http://www.elevatordigital.ca/

    Bob
    "I always take a camera, That way I never have to say 'Gee, look at that - I wish I had a camera'" -Joe Clark, H.B.S.S.

  5. #5

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    Quote Originally Posted by David Henderson
    "Are there other options ?"

    Yes, a few. Mostly they involve scanning the transparency and printing on any of a number of digital printers. These vary from inkjets ( either home or lab -based) to laser- type printers such as the LightJet; Chromira; or Lambda that use conventional photographic papers to produce a print that looks much like a wet print.
    Good round up but just one quibble... The prints made by a lightjet, etc ARE wet prints. They use the same paper and chemicals so the resulting print is exactly the same (from a materials standpoint) as any made in a "traditional" way, if you can call processes made in the 70's traditional...


    Isaac
    See my adventures in Yemen here:
    www.isaharr.com

  6. #6

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    Quote Originally Posted by Lopaka
    Ilfochrome is the only direct optical printing material left for printing positive transparencies. The other options involve a scanning step. A high-quality digital (there's that word again) image can be printed on light-jet technology by a lab on RA4 color print material (Fuji Crystal Archive is RA4). There are few labs left that print on Ilfochrome. Our own Bob Carnie is one. Check out his website:

    http://www.elevatordigital.ca/

    Bob
    I do believe that there are some labs that use Ilfochrome materials with their light jet printers.

    Isaac
    See my adventures in Yemen here:
    www.isaharr.com

  7. #7
    Bob Carnie's Avatar
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    As mentioned above, we print traditionally and digitally onto all materials as well as Ilfochrome Classic *ciba* and Harmon Technology digital fibre base stock.
    In fact I am printing fibres today using the lambda digital device which is red green and blue laser method and my traditional sinks for processing. Tommorow I will be using the enlargers and traditional sinks.
    very exciting times.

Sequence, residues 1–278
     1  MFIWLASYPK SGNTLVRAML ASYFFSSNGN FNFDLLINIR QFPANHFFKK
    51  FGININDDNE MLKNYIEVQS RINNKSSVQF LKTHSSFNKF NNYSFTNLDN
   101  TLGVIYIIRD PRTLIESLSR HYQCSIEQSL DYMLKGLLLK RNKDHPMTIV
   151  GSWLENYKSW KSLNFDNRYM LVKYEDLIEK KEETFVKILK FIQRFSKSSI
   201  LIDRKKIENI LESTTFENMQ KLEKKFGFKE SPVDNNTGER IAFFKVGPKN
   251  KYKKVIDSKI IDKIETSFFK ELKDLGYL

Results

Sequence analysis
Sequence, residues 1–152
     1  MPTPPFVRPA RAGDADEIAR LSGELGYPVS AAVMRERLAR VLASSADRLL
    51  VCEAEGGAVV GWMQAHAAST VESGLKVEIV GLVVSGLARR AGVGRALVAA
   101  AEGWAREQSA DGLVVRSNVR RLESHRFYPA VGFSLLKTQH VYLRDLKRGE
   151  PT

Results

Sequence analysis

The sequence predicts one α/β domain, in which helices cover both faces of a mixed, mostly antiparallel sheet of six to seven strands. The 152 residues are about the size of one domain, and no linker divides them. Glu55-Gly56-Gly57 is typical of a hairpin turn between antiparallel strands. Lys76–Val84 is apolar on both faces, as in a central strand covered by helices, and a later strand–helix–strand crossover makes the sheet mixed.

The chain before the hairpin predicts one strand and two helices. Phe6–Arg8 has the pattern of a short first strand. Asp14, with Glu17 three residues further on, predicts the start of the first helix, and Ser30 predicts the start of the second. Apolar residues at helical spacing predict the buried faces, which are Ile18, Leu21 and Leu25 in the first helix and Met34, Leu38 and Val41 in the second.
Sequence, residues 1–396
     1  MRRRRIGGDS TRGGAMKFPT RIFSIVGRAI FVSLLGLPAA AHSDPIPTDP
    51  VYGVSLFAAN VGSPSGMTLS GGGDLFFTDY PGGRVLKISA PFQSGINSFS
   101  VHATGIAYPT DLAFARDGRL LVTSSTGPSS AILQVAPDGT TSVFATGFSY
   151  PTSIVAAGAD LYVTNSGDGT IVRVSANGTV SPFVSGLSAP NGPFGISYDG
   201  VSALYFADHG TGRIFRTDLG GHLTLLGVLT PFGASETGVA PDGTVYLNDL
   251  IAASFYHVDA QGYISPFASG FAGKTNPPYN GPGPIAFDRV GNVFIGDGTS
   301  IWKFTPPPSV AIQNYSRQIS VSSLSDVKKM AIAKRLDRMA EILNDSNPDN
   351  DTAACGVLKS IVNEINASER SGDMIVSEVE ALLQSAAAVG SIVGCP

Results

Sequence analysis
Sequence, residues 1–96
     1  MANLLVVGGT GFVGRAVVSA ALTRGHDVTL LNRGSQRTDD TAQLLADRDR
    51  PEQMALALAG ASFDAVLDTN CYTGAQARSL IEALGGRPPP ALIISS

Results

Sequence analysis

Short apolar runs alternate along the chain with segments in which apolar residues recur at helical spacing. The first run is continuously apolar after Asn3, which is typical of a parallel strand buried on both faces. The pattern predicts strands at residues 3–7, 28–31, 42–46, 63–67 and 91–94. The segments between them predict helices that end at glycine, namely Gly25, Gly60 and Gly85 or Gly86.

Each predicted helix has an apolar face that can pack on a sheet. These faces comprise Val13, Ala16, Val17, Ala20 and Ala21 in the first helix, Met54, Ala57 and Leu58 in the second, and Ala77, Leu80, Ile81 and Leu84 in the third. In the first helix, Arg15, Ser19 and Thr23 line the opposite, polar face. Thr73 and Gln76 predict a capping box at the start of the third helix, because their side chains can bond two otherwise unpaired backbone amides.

8. #8
    roteague's Avatar
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    I'm only aware of one lab, near Flagstaff, that does optically printed Ilfochrome. I'm sure there are more, but I'm not aware of them. Most of my work these days is Fuji Crystal Archive, although Bob Carnie has printed a couple of my images on Ilfochrome (I want to do more of these, but I am holding off until I move).
    Robert M. Teague
    www.visionlandscapes.com
    www.apug.org/forums/portfolios.php?u=2235

    "A man who works with his hands is a laborer; a man who works with his hands and his brain is a craftsman; a man who works with his hands and his brain and his heart is an artist" -- Louis Nizer

  9. #9

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    Quote Originally Posted by Lopaka
    Ilfochrome is the only direct optical printing material left for printing positive transparencies.

    Bob
    There are also those out there that are still doing dye transfer printing using the traditional processing methods that print from transparencies, color negs or in camera B&W seperation negs. Some I believe still do some printing on a commercial basis.

    Regards
    Gord

  10. #10

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    A question which I hope isn't hijacking the originator's thread. Is another option to use a slide copier. Either a simple one attached to the camera or an illumitrans slide copier except that instead of loading it with another slide film for copying, you load it with colour neg?

    Of course this begs the question of why copy onto colour negs for RA4 prints when you could cut out the "middle-man" and simply use colour neg film.

    However if you only wanted the occasional print and otherwise projected slides then if this would work, would it be an option with reasonable quality?

    pentaxuser